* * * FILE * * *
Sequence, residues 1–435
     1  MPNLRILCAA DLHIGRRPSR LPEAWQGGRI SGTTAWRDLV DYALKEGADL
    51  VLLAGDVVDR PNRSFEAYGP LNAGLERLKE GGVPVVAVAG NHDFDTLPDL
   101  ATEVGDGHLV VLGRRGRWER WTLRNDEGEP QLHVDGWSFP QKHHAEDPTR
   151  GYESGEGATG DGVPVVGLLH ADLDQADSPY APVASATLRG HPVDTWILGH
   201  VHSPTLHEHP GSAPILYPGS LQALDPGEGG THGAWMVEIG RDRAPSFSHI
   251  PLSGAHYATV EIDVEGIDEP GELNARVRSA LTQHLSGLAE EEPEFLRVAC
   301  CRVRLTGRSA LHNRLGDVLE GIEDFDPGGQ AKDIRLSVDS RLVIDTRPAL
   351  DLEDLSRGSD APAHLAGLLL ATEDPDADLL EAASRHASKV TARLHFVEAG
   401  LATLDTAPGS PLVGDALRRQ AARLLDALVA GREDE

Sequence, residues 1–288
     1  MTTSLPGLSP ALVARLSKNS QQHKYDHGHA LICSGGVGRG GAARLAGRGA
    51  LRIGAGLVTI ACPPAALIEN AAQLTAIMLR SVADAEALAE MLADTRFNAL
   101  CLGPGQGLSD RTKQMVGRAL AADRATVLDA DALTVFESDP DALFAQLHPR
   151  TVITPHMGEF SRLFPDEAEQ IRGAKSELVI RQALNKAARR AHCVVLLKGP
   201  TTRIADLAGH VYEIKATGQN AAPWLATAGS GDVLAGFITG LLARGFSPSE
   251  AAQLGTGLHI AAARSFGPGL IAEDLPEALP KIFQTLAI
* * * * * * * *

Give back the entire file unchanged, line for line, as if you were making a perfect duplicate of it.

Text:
Sequence, residues 1–435
     1  MPNLRILCAA DLHIGRRPSR LPEAWQGGRI SGTTAWRDLV DYALKEGADL
    51  VLLAGDVVDR PNRSFEAYGP LNAGLERLKE GGVPVVAVAG NHDFDTLPDL
   101  ATEVGDGHLV VLGRRGRWER WTLRNDEGEP QLHVDGWSFP QKHHAEDPTR
   151  GYESGEGATG DGVPVVGLLH ADLDQADSPY APVASATLRG HPVDTWILGH
   201  VHSPTLHEHP GSAPILYPGS LQALDPGEGG THGAWMVEIG RDRAPSFSHI
   251  PLSGAHYATV EIDVEGIDEP GELNARVRSA LTQHLSGLAE EEPEFLRVAC
   301  CRVRLTGRSA LHNRLGDVLE GIEDFDPGGQ AKDIRLSVDS RLVIDTRPAL
   351  DLEDLSRGSD APAHLAGLLL ATEDPDADLL EAASRHASKV TARLHFVEAG
   401  LATLDTAPGS PLVGDALRRQ AARLLDALVA GREDE

Sequence, residues 1–288
     1  MTTSLPGLSP ALVARLSKNS QQHKYDHGHA LICSGGVGRG GAARLAGRGA
    51  LRIGAGLVTI ACPPAALIEN AAQLTAIMLR SVADAEALAE MLADTRFNAL
   101  CLGPGQGLSD RTKQMVGRAL AADRATVLDA DALTVFESDP DALFAQLHPR
   151  TVITPHMGEF SRLFPDEAEQ IRGAKSELVI RQALNKAARR AHCVVLLKGP
   201  TTRIADLAGH VYEIKATGQN AAPWLATAGS GDVLAGFITG LLARGFSPSE
   251  AAQLGTGLHI AAARSFGPGL IAEDLPEALP KIFQTLAI